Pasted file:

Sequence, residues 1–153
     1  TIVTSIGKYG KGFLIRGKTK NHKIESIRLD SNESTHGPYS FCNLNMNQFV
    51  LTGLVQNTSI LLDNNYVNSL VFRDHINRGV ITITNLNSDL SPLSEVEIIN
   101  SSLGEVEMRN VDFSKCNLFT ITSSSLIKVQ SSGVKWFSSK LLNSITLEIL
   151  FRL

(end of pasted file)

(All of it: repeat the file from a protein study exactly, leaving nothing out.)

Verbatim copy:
Sequence, residues 1–153
     1  TIVTSIGKYG KGFLIRGKTK NHKIESIRLD SNESTHGPYS FCNLNMNQFV
    51  LTGLVQNTSI LLDNNYVNSL VFRDHINRGV ITITNLNSDL SPLSEVEIIN
   101  SSLGEVEMRN VDFSKCNLFT ITSSSLIKVQ SSGVKWFSSK LLNSITLEIL
   151  FRL